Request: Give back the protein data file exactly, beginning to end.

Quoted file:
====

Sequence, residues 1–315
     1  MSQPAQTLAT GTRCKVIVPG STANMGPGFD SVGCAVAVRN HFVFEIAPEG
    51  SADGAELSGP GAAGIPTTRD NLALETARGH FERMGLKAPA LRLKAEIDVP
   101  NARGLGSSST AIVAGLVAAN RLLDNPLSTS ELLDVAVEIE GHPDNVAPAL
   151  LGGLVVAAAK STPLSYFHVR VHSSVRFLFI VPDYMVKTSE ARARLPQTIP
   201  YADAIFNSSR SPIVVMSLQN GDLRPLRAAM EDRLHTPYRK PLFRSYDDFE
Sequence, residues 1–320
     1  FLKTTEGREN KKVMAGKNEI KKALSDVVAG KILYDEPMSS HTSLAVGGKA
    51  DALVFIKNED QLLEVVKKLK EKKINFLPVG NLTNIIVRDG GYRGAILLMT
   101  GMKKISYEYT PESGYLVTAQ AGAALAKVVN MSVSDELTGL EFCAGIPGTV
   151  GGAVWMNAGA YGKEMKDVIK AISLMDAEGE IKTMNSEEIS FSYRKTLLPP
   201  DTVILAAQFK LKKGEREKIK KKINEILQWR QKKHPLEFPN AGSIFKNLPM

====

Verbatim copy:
Sequence, residues 1–315
     1  MSQPAQTLAT GTRCKVIVPG STANMGPGFD SVGCAVAVRN HFVFEIAPEG
    51  SADGAELSGP GAAGIPTTRD NLALETARGH FERMGLKAPA LRLKAEIDVP
   101  NARGLGSSST AIVAGLVAAN RLLDNPLSTS ELLDVAVEIE GHPDNVAPAL
   151  LGGLVVAAAK STPLSYFHVR VHSSVRFLFI VPDYMVKTSE ARARLPQTIP
   201  YADAIFNSSR SPIVVMSLQN GDLRPLRAAM EDRLHTPYRK PLFRSYDDFE
Sequence, residues 1–320
     1  FLKTTEGREN KKVMAGKNEI KKALSDVVAG KILYDEPMSS HTSLAVGGKA
    51  DALVFIKNED QLLEVVKKLK EKKINFLPVG NLTNIIVRDG GYRGAILLMT
   101  GMKKISYEYT PESGYLVTAQ AGAALAKVVN MSVSDELTGL EFCAGIPGTV
   151  GGAVWMNAGA YGKEMKDVIK AISLMDAEGE IKTMNSEEIS FSYRKTLLPP
   201  DTVILAAQFK LKKGEREKIK KKINEILQWR QKKHPLEFPN AGSIFKNLPM